When we studied ward attending rounds, the thought process represented the top attribute that learners valued. Learners can learn facts from textbooks, but using those facts requires experience and role modeling.
I have given many lectures on clinical reasoning, and I have attended many lectures on clinical reasoning. These lectures can entertain, but one lecture does little to help our colleagues and our learners.
We must structure case conferences as a primary way to teach and learn. Lectures may help occasionally, but often the information in a lecture leaves our memory quite rapidly. But a case discussion gives the story bones on which to attach the meat!
Many years ago I had GI distress and hives after a seafood lunch. For years I thought I had developed a scallop allergy. Then I heard a similar case presented with a diagnosis of scombroid. That one case made my diagnosis, and has helped me make several more diagnoses.
At our institution, we address case conferences in several ways. The majority of our morning reports use case presentations with a clinician discussing the case as it unfolds. Residents often rate these conferences as the number two learning opportunity in residency (after daily rounds). At our grand rounds, while we often have pure lectures, we do have occasional clinicopathological conferences (CPCs) that remain quite popular. Our noon conference has both CPCs and clinical problem solving (CPS). We do CPS every month with one attending physician presenting patients to another attending physician. The discussion focuses on the thought process. Residents and students love this conference.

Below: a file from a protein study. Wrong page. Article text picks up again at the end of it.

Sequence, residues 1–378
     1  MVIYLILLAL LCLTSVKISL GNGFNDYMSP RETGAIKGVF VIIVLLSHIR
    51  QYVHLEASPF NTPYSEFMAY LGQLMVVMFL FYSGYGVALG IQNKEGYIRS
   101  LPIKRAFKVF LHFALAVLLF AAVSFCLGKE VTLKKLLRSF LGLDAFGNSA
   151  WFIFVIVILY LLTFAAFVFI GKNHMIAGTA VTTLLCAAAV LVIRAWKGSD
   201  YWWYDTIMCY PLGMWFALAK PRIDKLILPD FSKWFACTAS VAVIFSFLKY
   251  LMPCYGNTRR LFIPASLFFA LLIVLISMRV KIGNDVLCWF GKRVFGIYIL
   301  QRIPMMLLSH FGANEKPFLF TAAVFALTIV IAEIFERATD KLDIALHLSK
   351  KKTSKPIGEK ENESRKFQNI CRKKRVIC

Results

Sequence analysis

But for me, the best conference is Tinsley conference (named after our hero — Tinsley Harrison — our Osler-like influence). At Tinsley, the chief residents choose the most interesting patients from our teaching service (also named after Dr. Harrison) and present it to a room full of students, residents and attending physicians. In this conference, the faculty do most of the talking. We have many subspecialists who attend regularly. Thus, we have general internists and a variety of subspecialists helping to dissect the details of the presentation. I always learn a great deal.
We must model clinical reasoning. Patient stories provide the bones, and the discussion provides the meat. The meat sticks because it attaches to the bones. When done properly these conferences help us all improve as clinicians.
Robert Centor is an internal medicine physician who blogs at DB’s Medical Rants.
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